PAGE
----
Tyrosine-kinase receptors • Structure: • Receptors exist as individual polypeptides • Each has an extracellular signal-binding site • An intracellular tail with a number of tyrosines and a single å helix spanning the membrane
Receptor subtypes Most receptor classes - several sub-types Each subtypes - differend A(nta)gonists Sub types cholinergereceptors Muscarinergic receptors Nicotinerge receptors M1: G-Protein coupled receptors Stimulate phospholipase A M2: G-Protein coupled receptors Inhib. adenylyl cyclase Nmuscle: Ligand gated ion channels Incr. Na+/Ca2+ Nneuro: Ligand gated ion channels Incr. Na+/Ca2+
Binding of ligand to receptor • Covalent bond • Ionic bond • Hydrogen bond • Hydrophobic interaction Covalent bond strong; 50-150 kcal/mol, Normally irreversible bonding ex. Acetylcholine esterase inhibitors
Reversible inhibitors AcCh Inhibitor Reversible inhibitor (drugs): k3 (inhib) < k3(AcCh) Neostigmine Pyridostigmine Myasthenia gravis (weak muscles, reduced sensitivity to Acetylcholine)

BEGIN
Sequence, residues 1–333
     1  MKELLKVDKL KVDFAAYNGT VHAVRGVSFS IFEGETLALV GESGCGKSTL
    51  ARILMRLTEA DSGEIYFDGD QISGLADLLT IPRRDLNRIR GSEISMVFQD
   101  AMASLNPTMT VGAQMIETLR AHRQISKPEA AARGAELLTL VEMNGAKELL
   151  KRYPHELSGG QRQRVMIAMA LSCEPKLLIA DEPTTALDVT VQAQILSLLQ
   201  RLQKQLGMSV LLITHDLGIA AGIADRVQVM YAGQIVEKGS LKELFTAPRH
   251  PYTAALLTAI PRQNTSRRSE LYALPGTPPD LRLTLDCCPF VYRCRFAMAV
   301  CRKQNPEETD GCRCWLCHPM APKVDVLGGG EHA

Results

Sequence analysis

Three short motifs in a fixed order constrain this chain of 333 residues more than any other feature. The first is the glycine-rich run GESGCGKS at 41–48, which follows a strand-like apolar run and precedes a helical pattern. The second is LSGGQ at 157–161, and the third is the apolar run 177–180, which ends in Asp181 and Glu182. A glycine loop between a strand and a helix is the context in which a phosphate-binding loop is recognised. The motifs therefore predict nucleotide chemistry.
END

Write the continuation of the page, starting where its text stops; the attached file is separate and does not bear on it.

Irreversible Inhibitors Not drugs, nerve gasses, insecticides etc.
Ionic bond 5-10 kcal/mol, Reversible bonding Hydrogen bond 2-5 kcal/mol, Reversible bonding Hydrophobic interaction 0.5-1 kcal/mol, Reversible bonding
The occupancy theory: The more receptors sites occupied by ligand, the stronger response The rate theory: The more ligand-receptor interact / unit time, the stronger response The induced-fit theory: The macromolecular pertubation theory: (induced fit + rate theory)
The activation -aggregation theory: Always dynamic equilibrium.
Dose-Response Relationships R locked in membrane (do not move freely) L dissolved in extracellular fluid Reaction on solid - liquid interface
Ligands(Receptor binding molecules) • Drugs or endogenous compounds binding to receptors are described as Ligands. • Ligands are classified into 2 groups • Agonist: molecule that binds to receptor and produces similar response to that of the endogenous ligand • Partial agonist agonist that produce partial effect • Antagonist: molecule that binds to a receptor, but does not cause a response • Competitive reversible or weak binding • Non-competitive non-reversible or strong binding
Affinity and Efficacy • Affinity: the attraction of the drug for the receptor. • high affinity: low concentrations bind • low affinity: high concentrations bind • no affinity: does not bind • Efficacy: the intrinsic activity • Max. effect efficacy = 1 • Min. effect efficacy = 0